The Arc of Illinois is a leading advocate for reforms in the state. Read Executive Director Tony Paulauski’s letter to the editor and the President of the chapter’s board of directors Terri Devine’s letter to the editor.

Managing Legal Settlements

By Neal A. Winston, CELA, Special Needs Alliance®

There are many factors to consider when a family member is seeking legal compensation for personal injuries, whether they result from medical malpractice, a car or workplace accident, or some other mishap. Given the supports that an individual with disabilities might need throughout life, even large sums can prove insufficient and must be carefully managed. Personal injury attorneys are often unaware of how a settlement can affect an individual’s eligibility for important public benefits, and families should ensure that a special needs attorney is consulted as early as possible during the course of their suit.

Liens and Set-Asides

Although personal injury awards are usually not taxable, there may be various liens against the settlement which must be satisfied before putting the money to other uses. If Medicaid, Medicare or, in some cases, private insurers have been paying for injury-related care that has been compensated as part of the settlement, they may need to be reimbursed.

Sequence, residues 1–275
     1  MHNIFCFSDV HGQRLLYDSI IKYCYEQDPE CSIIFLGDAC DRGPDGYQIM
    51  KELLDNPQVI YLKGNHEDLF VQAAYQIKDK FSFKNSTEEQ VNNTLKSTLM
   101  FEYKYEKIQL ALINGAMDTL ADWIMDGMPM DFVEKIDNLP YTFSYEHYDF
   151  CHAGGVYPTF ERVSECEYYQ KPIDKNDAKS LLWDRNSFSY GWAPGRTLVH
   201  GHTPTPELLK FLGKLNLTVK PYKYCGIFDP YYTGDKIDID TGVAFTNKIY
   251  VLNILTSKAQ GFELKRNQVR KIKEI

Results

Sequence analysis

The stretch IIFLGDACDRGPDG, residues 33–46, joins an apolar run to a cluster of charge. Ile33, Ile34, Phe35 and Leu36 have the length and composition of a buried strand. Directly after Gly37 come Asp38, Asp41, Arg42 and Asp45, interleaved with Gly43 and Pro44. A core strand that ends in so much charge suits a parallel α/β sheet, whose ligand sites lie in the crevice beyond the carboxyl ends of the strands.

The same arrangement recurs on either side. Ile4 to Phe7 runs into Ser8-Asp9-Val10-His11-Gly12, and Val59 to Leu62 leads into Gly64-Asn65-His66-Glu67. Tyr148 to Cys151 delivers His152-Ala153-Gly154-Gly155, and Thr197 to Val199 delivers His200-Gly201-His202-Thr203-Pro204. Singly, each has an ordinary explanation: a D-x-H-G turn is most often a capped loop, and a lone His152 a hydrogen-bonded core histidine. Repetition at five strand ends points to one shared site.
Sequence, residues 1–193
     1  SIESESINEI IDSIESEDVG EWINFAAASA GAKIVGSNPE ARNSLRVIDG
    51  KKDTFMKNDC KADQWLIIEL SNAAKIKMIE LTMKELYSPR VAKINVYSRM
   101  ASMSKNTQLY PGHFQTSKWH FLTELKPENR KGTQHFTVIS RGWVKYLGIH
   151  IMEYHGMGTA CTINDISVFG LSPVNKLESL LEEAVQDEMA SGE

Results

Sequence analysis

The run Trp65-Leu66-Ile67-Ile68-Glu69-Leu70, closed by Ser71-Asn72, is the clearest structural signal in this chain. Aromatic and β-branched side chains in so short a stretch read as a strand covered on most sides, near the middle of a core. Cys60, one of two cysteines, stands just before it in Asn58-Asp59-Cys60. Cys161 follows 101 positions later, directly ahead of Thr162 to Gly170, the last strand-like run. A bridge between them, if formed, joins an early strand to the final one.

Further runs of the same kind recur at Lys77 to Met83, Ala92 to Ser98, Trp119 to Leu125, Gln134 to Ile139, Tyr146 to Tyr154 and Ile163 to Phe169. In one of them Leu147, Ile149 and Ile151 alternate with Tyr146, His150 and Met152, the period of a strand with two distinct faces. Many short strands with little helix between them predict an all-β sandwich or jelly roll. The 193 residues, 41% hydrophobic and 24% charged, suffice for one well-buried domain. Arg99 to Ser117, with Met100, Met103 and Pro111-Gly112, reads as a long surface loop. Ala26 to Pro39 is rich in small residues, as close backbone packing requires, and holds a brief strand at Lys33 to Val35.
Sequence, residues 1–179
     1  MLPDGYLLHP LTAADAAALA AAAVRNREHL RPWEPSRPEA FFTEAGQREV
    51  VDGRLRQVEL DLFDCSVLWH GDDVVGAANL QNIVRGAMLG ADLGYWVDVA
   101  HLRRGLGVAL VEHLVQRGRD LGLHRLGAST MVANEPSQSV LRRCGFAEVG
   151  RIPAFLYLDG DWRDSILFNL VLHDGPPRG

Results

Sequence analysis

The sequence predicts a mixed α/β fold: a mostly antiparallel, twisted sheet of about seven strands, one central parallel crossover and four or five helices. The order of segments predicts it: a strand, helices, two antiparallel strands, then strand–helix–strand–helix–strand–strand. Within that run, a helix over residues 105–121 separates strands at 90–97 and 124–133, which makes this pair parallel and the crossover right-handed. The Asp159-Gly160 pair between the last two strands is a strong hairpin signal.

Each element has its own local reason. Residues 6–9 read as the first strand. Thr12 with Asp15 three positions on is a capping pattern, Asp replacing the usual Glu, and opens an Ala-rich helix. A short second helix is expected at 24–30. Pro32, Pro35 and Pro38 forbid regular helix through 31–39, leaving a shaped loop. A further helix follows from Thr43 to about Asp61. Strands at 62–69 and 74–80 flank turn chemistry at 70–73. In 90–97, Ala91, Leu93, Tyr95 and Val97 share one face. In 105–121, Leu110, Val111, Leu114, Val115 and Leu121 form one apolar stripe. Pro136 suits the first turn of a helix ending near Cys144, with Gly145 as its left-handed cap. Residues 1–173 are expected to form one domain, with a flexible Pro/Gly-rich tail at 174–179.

In addition, if the individual is currently on Medicare, or is likely to become covered within 30 months, it may be necessary to create a Medicare Set-Aside (MSA) arrangement. While government guidelines are currently unclear, this can have implications for settlements of $25,000 or more, and legal counsel should be consulted.

Assessing Needs

A candid evaluation of the individual’s short- and long-term needs should guide the family in determining how to manage the remaining funds. Of major importance is whether or not means-tested public benefits such as Medicaid and Supplemental Security Income (SSI) will be required. If such programs will play a role, steps should be taken to ensure that settlement funds won’t disqualify the individual from such programs.

Depending on the size of the settlement and immediate needs, it may be possible to quickly “spend down” the award so that its effect on benefits is short-term. Home renovations to improve accessibility or purchase of a van are among many possibilities.

Another option for smaller settlements is placing up to $14,000 per year in an ABLE account for the individual. Funds held in such accounts are not considered when evaluating someone’s eligibility for Medicaid and SSI and can be used for a wide array of needs relating to the person’s disability. A person is limited to a single ABLE account, the disability must have begun before age 26, and the person must be receiving SSI or Social Security disability benefits, or have a doctor’s diagnosis of a disability meeting Social Security’s definition. If the account balance exceeds $100,000, SSI payments will be suspended, but Medicaid services continue. The maximum value of an ABLE account for Medicaid eligibility without SSI is the same as the maximum value of a 529 college savings account in the state in which the ABLE account is opened. Be aware that upon the beneficiary’s death, funds remaining in an ABLE account must be used to pay back Medicaid for any services rendered on the individual’s behalf after the ABLE account is created.